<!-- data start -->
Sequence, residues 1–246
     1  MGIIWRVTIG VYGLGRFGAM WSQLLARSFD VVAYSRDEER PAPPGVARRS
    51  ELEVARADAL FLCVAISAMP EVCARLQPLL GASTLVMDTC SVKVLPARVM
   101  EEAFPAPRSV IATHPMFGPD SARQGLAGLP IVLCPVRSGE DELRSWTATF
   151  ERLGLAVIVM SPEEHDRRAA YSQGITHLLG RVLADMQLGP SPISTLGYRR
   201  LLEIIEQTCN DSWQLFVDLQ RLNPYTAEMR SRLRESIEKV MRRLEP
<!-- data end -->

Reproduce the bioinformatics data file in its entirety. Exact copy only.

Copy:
Sequence, residues 1–246
     1  MGIIWRVTIG VYGLGRFGAM WSQLLARSFD VVAYSRDEER PAPPGVARRS
    51  ELEVARADAL FLCVAISAMP EVCARLQPLL GASTLVMDTC SVKVLPARVM
   101  EEAFPAPRSV IATHPMFGPD SARQGLAGLP IVLCPVRSGE DELRSWTATF
   151  ERLGLAVIVM SPEEHDRRAA YSQGITHLLG RVLADMQLGP SPISTLGYRR
   201  LLEIIEQTCN DSWQLFVDLQ RLNPYTAEMR SRLRESIEKV MRRLEP